Eating Authors: Josh Vogt

No Comments » Written on October 26th, 2015 by
Categories: Plugs
Josh Vogt

The end of October is just around the corner, which means Halloween, eating candy that should really have been offered up to masked, marauding children, as well as a long drive up to Saratoga Springs for the World Fantasy Convention. It also means a mere two months until the release date of Barsk, and the emails and phone calls and interviews and reviews will continue to ramp up and devour my brain. It’s been a euphoric chaos so far, and November is going to be much more of the same.

But for a short while it’s still October, and today I must focus on this week’s EATING AUTHORS guest, Josh Vogt. He’s that bravest of souls, a fiction author who has shed the world of traditional day-jobbery to support himself by his craft. Or to put it more simply, he’s a freelance writer. I am in awe of such people. Seriously.

This past May saw the release of Josh’s first novel, Enter the Janitor, book one of his Cleaners series. He diversified and followed it up a month later with a novel in the popular Pathfinder Tales series, Forge of Ashes.

I’m also told that The Maids of Wrath (aka Cleaners book two) has been moved up from a 2016 release and is expected in just a few weeks. Unfortunately, as of the time of this post, I don’t have a firm release date or cover to share with you. But if you just keep clicking on Josh’s photo and follow the link to the list of his books, I promise you the particulars will show up there soon.

LMS: Welcome, Josh. What stands out as your most memorable meal?

JV: Food and I have a tricky relationship. I definitely enjoy eating—sometimes a bit too much—and I have a decent hand at cooking so long as a recipe’s handy. I’ve even taken a few cooking classes and enjoy the occasional culinary experiment (which often ends up with my smoke alarm getting set off). At the same time, I’ve got this mentality that “food = fuel,” and I can scarf a post-gym meal without tasting much. I rarely remember what I ate last yesterday, much less a week or month ago. So when a dining experience from nearly five years back remains stuck in my mind, it has certainly distinguished itself.

Enter the Janitor

While visiting a friend in the Portland area, we were debating what to do for dinner. Our friend, however, told us he had the situation handled. Having a history of working in the restaurant industry, he knew quite a few folks around the city, including a bunch of waiters, bartenders, and chefs. So he set up a progressive dinner for us. Sadly, I didn’t take good notes and can’t quite recall the actual names of the restaurants we went to…but the experience is one I’ll never forget, barring major brain damage.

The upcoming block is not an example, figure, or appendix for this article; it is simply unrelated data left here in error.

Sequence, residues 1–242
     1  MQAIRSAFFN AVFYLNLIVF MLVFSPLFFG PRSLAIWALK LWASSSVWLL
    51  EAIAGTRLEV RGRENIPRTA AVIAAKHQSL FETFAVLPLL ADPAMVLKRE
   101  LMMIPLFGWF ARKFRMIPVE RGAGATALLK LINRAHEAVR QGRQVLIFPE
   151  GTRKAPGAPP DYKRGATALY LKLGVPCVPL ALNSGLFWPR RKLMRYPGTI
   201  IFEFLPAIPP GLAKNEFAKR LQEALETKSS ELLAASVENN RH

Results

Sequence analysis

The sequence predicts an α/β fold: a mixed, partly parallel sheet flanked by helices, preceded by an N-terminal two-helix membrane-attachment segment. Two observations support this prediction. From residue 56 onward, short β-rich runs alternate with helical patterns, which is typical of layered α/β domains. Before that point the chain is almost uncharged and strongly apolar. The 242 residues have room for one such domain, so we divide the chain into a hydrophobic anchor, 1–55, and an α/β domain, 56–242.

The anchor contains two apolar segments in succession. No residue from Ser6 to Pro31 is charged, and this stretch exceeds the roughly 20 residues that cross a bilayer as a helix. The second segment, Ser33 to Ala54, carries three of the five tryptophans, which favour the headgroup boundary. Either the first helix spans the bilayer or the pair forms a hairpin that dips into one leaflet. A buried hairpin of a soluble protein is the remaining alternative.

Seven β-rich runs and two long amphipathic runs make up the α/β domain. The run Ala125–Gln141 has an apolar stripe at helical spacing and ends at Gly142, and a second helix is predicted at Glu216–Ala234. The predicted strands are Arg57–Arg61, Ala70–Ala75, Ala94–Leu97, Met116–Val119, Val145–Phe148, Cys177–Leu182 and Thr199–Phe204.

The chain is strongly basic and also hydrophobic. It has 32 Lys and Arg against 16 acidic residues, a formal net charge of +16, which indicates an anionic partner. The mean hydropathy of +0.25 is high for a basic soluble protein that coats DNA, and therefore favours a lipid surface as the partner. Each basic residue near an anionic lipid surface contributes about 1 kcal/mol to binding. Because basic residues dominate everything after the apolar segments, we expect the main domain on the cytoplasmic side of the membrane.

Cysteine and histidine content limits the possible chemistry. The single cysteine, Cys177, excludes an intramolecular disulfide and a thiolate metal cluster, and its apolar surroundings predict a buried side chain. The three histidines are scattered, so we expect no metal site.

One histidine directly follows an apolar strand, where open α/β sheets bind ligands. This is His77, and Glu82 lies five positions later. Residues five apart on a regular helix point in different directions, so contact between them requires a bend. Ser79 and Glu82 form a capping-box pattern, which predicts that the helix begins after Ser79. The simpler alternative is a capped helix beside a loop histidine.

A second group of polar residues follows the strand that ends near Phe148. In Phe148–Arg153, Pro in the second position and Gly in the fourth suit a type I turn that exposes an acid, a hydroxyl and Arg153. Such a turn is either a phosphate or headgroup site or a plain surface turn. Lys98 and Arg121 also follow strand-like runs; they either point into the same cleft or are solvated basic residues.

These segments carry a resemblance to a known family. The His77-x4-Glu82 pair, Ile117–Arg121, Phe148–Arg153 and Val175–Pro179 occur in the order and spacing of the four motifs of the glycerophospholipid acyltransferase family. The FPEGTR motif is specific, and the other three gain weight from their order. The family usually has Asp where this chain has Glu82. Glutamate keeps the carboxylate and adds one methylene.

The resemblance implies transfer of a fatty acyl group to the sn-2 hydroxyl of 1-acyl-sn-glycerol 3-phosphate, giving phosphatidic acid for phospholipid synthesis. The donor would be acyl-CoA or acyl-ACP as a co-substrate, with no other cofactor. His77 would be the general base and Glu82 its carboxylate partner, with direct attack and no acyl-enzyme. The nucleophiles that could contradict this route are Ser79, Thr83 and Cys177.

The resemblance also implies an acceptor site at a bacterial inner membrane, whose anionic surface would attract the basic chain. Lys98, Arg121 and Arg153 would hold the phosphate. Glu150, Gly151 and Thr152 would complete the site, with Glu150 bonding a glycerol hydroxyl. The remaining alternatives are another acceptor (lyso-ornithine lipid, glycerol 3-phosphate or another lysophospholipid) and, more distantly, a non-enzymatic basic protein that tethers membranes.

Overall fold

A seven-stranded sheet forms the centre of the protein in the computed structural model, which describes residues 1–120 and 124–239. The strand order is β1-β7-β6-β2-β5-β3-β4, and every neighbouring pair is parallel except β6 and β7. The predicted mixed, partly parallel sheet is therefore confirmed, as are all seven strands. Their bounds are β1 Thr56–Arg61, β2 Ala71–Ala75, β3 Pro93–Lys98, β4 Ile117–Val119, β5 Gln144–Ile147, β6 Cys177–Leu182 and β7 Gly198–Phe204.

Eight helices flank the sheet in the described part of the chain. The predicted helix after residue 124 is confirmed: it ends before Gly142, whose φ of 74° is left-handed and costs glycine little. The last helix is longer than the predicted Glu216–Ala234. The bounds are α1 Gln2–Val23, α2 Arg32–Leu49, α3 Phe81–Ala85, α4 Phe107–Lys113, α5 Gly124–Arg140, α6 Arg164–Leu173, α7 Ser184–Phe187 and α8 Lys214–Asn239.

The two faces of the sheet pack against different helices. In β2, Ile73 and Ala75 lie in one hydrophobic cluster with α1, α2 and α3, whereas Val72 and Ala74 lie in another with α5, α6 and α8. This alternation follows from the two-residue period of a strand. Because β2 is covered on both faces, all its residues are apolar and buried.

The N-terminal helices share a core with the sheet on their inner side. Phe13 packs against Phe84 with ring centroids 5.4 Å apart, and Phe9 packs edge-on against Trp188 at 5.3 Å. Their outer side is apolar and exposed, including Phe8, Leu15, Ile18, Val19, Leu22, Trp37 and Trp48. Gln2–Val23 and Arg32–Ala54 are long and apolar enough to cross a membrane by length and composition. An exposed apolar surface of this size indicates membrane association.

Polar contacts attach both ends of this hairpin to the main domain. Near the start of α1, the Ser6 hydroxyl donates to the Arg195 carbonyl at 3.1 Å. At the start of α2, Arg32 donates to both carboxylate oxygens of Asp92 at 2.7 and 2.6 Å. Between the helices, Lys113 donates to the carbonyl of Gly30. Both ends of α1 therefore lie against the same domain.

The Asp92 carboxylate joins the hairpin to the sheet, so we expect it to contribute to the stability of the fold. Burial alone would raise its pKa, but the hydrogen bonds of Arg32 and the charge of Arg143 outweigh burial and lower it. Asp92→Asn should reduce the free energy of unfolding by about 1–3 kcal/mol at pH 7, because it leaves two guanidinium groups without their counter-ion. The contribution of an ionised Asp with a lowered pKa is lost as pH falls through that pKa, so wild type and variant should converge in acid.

We started with appetizers at a French cuisine spot, enjoying a savory soup with fresh seasoned bread, all accompanied by excellent wine. We then moved to an Italian establishment where we got to sample the chef’s wide range of famous ravioli, including veggies, cheeses, and meats, with multiple sauces for each. Then on to an American-style grill where various tender cuts surrendered to our steak knives. Lastly, we wound up at a bistro famous for its cheesecake and champagne. We ended up with half-a-dozen different slices, which we shared all around the table while sipping the bubbly.

Pathfinder Tales: Forge of Ashes

All along the way, the restaurant staff at each spot would hang out at our table, chatting and laughing and telling all sorts of fun stories. The chef’s were incredibly proud of the meals they produced and loved seeing our delighted reactions to their dishes. It was the perfect combination of amazing food and fantastic company. And because everyone we encountered knew our hosting friend, we got steep discounts (if not everything on the house) on an experience that would’ve likely cost a couple hundred apiece in normal circumstances. The whole memory of the evening has this warm “glow” to it in my mind, likely bestowed in part by the drinks imbibed with the courses.

Whenever I remember that journey of a dinner, it reminds me that food can be fuel for the spirit as much as the body—especially when the joy of it is shared with others.

Thanks, Josh, that sounds remarkable. And um, you’ll be introducing me to that friend, right?

Next Monday: Another author and another meal!



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